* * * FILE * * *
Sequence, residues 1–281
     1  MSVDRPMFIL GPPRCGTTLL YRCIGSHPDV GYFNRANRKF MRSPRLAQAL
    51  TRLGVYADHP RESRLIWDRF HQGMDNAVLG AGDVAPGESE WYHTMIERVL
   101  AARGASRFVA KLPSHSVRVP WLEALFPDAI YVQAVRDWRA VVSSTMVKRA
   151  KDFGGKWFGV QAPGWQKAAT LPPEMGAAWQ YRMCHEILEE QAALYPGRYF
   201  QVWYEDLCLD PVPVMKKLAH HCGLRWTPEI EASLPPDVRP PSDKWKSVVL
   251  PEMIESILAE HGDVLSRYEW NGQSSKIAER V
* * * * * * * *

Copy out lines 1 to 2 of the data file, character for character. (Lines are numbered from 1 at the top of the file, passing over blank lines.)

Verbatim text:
Sequence, residues 1–281
     1  MSVDRPMFIL GPPRCGTTLL YRCIGSHPDV GYFNRANRKF MRSPRLAQAL